The New York Sun’s Tim Marchman takes a dim view of the state of the New York Mets’ farm system.

Having lost Scott Kazmir, Matt Peterson, and Justin Huber in the bizarre deadline deals that netted the Mets Kris Benson and Victor Zambrano last July, the Mets’ system doesn’t look good. They don’t have many players with the potential even to be big-league regulars, and what decent players they do have are a long way from the majors.

The top prospect is Lastings Milledge, a 19-year-old center fielder who destroyed Low-A ball last year, posting a .337 BA/.399 OBA/.579 SLG line at Capital City while stealing 23 bases. Milledge ranks just below the elite prospects in the game, and has the potential to be a future All-Star, but he’s no sure thing.

A 26/71 BB/K ratio in 342 at-bats last year is acceptable, but needs to improve. The problem isn’t so much that he doesn’t walk enough as that a ratio like that combined with a high BA shows he was getting by on physical talent. Older and more sophisticated pitchers are going to expose him if he doesn’t develop his eye as he moves up the ladder. Milledge could be Vladimir Guerrero; he could be Ruben Rivera. It’s hard to know which right now.

Just below Milledge is a similarly flawed prospect, pitcher Yusmeiro Petit (above). A righthander with an average-at-best fastball, Petit has posted a 2.23 ERA and struck out 12 men per 9 innings in 214 minor league innings; he’ll start the year in Double-A having just turned 20 in November. There are no holes in his statistical profile – he doesn’t walk anybody, he allows few home runs, and he’s been young for his leagues.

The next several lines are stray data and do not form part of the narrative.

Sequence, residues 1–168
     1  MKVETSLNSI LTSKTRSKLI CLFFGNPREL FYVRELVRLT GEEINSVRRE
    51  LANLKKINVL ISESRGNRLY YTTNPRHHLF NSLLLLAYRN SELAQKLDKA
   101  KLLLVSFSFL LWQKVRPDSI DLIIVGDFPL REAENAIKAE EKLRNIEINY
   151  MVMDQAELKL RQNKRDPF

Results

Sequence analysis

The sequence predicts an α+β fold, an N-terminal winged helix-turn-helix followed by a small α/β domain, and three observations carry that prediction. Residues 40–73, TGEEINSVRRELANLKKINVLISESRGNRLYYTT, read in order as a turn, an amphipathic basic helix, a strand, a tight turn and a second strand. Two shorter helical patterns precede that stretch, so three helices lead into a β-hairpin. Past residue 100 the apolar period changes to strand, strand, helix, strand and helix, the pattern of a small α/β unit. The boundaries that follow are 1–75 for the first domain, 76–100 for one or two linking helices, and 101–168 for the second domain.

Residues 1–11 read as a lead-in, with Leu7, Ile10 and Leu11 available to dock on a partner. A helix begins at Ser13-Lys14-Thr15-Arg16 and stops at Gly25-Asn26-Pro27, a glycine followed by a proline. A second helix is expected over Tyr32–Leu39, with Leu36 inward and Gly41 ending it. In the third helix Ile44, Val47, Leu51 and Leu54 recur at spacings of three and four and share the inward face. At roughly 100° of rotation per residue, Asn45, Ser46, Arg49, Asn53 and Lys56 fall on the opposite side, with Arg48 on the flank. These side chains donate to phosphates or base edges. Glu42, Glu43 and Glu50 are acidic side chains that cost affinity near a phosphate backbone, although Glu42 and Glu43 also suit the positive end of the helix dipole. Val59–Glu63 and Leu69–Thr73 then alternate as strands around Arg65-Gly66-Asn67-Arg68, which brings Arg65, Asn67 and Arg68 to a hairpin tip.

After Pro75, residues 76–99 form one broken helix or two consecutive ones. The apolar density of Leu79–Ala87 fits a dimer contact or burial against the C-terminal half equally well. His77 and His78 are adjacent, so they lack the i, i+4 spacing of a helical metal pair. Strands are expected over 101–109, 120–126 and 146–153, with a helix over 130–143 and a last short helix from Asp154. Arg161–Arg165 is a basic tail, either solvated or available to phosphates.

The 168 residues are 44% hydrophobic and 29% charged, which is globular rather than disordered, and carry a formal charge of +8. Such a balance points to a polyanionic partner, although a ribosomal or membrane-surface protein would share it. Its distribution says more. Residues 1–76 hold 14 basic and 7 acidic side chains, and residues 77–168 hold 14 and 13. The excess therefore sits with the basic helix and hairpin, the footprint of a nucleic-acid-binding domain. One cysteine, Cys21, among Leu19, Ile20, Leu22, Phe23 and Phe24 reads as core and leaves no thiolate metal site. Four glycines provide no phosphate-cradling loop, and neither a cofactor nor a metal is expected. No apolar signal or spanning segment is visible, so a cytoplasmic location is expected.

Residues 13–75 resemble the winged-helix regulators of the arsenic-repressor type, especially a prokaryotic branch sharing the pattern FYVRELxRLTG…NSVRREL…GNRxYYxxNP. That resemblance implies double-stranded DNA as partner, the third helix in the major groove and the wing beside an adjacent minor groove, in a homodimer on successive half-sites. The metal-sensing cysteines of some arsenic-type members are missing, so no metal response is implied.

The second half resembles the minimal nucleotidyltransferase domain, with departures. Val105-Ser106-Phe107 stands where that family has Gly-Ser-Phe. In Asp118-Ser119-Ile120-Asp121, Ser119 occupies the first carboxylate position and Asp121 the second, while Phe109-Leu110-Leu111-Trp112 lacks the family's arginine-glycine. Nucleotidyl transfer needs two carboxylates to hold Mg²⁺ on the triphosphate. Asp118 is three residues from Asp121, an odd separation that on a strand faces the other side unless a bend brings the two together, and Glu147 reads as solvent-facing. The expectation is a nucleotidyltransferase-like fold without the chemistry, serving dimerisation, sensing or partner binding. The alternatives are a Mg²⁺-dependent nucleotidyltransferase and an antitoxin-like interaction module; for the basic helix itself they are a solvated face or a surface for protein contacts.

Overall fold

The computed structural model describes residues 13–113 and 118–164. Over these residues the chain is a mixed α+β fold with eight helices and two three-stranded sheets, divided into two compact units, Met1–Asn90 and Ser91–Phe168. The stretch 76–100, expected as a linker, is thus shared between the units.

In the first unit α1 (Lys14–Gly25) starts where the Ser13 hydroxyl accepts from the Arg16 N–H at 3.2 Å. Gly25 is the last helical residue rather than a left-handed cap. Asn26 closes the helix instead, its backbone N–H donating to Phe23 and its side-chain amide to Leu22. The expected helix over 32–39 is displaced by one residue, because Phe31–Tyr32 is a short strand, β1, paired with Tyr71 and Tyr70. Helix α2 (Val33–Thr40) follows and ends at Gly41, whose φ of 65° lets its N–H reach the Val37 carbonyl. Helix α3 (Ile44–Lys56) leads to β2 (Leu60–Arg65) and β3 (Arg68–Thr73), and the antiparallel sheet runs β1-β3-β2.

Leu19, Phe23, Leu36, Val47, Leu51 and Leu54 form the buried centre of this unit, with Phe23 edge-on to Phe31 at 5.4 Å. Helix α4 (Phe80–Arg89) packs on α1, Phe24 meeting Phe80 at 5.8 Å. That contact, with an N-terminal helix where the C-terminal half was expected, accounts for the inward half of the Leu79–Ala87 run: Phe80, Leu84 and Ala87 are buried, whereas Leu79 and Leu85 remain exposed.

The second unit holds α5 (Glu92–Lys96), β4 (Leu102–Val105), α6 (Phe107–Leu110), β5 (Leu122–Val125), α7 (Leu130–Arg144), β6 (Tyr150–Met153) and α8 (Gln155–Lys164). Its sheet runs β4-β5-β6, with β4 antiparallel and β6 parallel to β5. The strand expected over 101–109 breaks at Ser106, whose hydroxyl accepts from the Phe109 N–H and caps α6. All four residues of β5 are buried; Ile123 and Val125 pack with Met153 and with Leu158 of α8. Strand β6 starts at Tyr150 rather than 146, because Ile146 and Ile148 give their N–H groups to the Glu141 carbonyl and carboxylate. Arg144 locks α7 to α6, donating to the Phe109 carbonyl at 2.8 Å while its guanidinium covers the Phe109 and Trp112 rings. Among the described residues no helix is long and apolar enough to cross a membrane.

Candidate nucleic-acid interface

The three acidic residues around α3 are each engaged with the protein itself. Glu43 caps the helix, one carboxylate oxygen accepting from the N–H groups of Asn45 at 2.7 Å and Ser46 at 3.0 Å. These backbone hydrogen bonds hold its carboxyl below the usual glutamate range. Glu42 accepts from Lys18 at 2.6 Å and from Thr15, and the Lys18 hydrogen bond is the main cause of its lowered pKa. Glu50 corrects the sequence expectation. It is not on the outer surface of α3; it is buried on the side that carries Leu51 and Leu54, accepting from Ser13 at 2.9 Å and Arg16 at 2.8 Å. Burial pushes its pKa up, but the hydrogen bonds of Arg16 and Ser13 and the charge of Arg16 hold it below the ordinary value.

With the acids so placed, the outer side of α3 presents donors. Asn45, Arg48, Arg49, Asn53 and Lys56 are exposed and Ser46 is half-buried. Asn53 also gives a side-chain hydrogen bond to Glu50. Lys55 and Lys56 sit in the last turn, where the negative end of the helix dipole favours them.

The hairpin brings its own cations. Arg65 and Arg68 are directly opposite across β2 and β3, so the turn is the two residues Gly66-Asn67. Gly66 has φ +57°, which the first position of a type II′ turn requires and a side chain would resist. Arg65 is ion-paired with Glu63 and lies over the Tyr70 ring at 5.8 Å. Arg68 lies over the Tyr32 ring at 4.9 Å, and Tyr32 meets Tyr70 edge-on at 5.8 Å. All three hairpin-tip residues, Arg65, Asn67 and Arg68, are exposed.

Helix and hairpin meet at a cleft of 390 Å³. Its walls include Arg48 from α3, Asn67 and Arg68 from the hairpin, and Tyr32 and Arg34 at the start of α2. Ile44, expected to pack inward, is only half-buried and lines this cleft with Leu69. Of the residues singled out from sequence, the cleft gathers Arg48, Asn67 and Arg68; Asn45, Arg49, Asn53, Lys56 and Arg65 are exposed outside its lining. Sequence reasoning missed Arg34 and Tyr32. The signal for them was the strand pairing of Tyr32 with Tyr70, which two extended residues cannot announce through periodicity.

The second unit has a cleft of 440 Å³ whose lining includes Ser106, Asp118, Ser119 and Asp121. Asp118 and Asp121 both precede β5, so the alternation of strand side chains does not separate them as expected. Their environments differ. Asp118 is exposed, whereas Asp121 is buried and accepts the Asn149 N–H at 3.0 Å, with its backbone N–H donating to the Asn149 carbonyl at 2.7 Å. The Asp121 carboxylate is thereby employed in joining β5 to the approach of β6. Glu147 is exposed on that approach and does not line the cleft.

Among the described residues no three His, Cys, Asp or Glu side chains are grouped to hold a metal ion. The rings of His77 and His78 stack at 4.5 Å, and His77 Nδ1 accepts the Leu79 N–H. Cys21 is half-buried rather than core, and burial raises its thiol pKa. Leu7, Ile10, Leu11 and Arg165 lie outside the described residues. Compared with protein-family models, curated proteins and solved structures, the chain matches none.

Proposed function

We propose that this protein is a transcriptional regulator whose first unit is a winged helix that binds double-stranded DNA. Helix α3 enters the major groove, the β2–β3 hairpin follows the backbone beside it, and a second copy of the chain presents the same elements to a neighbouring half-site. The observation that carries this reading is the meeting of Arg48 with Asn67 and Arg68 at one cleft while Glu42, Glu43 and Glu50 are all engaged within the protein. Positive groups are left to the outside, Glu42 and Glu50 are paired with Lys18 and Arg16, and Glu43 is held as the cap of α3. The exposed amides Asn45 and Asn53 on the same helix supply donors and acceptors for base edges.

The problem, actually, is that his numbers are so cartoonishly good that they’re easily discounted. It may turn out that Petit is simply advanced at some aspects of the game compared to the young hitters in A-ball, and that more advanced hitters, less fooled by whatever trickery he’s using to post huge strikeout totals with a weak fastball, will expose him. It also may turn out that Petit is a right-handed Sid Fernandez. This year will be telling.

Past these two, there isn’t much. Baseball America rates Gaby Hernandez as the Mets’ third-best prospect; he’s an 18-year-old pitcher who hasn’t played full-season ball yet, so he’s not really anyone to count on. Ambiorix Concepcion, the next best prospect, is an outfielder, three years older than Hernandez, who hasn’t played full-season ball yet either. And so it goes with most of the players in the system: They’re old for their levels, have serious questions about their physical skills or their performance, or, in most cases, just aren’t very talented.

When appraising the Mets’ farm system, it’s important to remember that it’s not fair to hold the absence of Wright and Reyes from the system against the Mets. Were those two preparing to enter Triple-A this year, the Mets would get a much higher mark; it’s hard to see how the fact that these two were ready for the majors when they were so young reflects badly on the Mets’ scouts or developmental staff. Nonetheless, the fact remains that aside from Milledge and Petit – risky bets both – the Mets don’t have anyone in the system who looks to have a chance to turn into an All-Star.

So what is to be done? Basically, Minaya needs to leave the system alone and stop trading minor leaguers. On both counts, things look sketchy. After arriving in Flushing this off-season, Minaya demoted top scout Jack Bowen and brought in his own man, Russ Bove, who was with him when he ran the Montreal Expos. Given that organization’s barren farm system, that’s not a cause for confidence.